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Great Lakes Article:

Raining Profits
Corporations drool over our most basic resource.
Marshall Kirkpatrick
Eugene Weekly

All around America, a new kind of protest is springing up. Long believed to be a characteristic of First World exploitation of the Third World, water privatization is coming on strong and is already being resisted in a variety of ways. U.S. Senate Bill 1961, "The Water Investment Act of 2002" would require all local water providers to "consider" selling off their infrastructure and water rights to private corporations — or else lose vital federal funds for maintenance (EWEB is "publicly" owned). The bill is being actively pushed by powerful Florida Democrat Bob Graham and Oregon's own Sen. Gordon Smith. It's bipartisan and the president likes it, too. What more could we ask for?

Internationally admired scientist-activist Vandana Shiva spoke at OSU on Wednesday, Nov. 20. Shiva's newest book is titled Water Wars: Privatization, Pollution and Profit (South End Press, Cambridge, Mass.). In it she points out that privatization of water supplies around the world has consistently lead to dramatic increases in price rates, service shut-offs, unemployment and disease. It's also incredibly profitable.

All around the world, a handful of giant corporations from France, Spain and the U.S. are taking advantage of governments in debt and their friendly relations with the institutions of globalization, like the IMF and the World Bank. While the elite in any country can afford water (even for lawns and swimming pools), the poor everywhere struggle to pay for privatized water or resort to drinking outdoor sources often severely polluted by many of the same corporations. As the world goes deeper into a global clean water shortage crisis, this issue grows increasingly important.

Shiva goes to great lengths to discuss privatization as just the next step in a devastating continuum that includes industrial agriculture and giant water diversion projects like dams. All three endeavors destroy vital ecosystems, displace local people, and increase the power held by the elite over every one else's lives. Imagine having to stay on Monsanto's good side in order to get water to drink! It's hard enough to keep EWEB happy.

In response to this looming attack on our health, ecosystems and self-determination, activists around the United States are protesting water privatization. This summer, for example, a group called The Sweetwater Alliance blockaded the facilities of a Nestle Waters North America bottling plant in Michigan. Nestle has been awarded a huge tax break to pump 200 million gallons per year out of the Great Lakes for sale as bottled water. The Sweetwater Alliance continues to organize across Michigan and has an extensive web site at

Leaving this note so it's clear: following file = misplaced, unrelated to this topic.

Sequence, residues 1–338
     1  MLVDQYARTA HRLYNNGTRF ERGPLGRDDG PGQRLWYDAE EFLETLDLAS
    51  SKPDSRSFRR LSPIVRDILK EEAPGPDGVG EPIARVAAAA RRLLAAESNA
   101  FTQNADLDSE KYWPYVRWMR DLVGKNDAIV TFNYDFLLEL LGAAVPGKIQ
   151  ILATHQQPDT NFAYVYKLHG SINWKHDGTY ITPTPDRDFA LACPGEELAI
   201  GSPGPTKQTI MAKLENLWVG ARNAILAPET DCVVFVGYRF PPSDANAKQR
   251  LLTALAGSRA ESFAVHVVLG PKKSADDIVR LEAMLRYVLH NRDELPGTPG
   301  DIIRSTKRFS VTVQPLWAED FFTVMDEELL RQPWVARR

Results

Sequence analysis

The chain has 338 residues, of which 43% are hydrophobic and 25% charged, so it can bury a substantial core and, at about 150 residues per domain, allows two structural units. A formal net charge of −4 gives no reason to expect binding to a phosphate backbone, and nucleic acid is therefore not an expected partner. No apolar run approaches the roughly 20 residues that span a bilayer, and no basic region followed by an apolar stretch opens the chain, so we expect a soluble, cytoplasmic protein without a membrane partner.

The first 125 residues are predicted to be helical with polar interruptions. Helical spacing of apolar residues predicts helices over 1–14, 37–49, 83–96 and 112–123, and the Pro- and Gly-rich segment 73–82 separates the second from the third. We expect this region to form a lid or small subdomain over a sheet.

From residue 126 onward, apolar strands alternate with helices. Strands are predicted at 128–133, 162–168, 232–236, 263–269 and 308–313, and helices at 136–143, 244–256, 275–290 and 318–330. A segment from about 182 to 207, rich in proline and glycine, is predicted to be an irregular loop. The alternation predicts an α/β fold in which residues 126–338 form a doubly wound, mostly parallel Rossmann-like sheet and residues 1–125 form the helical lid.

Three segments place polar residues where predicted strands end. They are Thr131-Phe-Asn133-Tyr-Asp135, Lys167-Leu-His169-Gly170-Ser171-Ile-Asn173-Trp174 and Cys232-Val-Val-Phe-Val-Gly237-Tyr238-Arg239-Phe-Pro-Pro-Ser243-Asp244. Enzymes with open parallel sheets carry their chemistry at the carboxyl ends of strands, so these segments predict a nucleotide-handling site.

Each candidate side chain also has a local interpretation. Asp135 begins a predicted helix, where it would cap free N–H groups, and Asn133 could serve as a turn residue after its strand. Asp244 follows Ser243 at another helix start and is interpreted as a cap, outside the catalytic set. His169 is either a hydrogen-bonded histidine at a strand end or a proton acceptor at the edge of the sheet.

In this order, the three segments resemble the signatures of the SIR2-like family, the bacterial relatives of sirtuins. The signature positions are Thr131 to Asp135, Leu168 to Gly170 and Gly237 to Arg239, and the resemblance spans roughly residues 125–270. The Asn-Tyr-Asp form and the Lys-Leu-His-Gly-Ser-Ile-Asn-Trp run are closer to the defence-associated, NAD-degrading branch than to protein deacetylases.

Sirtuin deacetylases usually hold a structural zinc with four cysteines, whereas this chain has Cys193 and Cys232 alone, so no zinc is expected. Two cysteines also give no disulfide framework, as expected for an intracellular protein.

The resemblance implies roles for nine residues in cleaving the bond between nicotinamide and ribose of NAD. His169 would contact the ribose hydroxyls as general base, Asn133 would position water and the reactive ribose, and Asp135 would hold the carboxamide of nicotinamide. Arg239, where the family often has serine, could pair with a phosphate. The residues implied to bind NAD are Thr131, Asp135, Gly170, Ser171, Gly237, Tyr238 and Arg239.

Last month in San Francisco, activists blockaded the headquarters of the world's largest engineering corporation, Bechtel, to protest the company's continued effort to privatize the water supply of the South American nation of Bolivia. The company won an IMF mandated contract for exclusive water rights there two years ago. The Bolivian government even made it illegal to catch rainwater without a permit. In response, workers, teachers, students, farmers and others from around the country shut down all major commerce by blockading the nation's major highways for three weeks. At least five people were killed by police and soldiers trying to clear the streets of people, some of whom threw rocks and molotov cocktails. Government buildings were set on fire. After three weeks of uprisings, water privatization was called off and still has not been resumed.

Suprisingly, perhaps, Shiva's otherwise exhaustive book spends less than a page discussing Bolivia. It's the most successful example of fighting water privatization in the world; but it was a fight, and dogmatic advocates of non-violence look very dishonest when they call it anything else. The words of writers like Shiva, Canada's Maude Barlow and others carry a lot of weight in the minds of people putting their bodies between U.S. water and privatization. You can hear it in their rhetoric, often straight out of books like Water Wars or Blue Gold.

When those authors don't tell us the truth about struggles against exploitation in the Global South, we can't learn from those struggles to fight the same treatment here in the Global North. The U.S. Senate will discuss water privatization sometime very soon, and writing them letters isn't going to do a damn thing to stop it. Let's combine the holistic analysis of root causes offered by writers like Shiva with an honest, thorough discussion of our options for resistance.

Marshall Kirkpatrick is a member of Eugene's Cascadia Media Collective. He can be reached via




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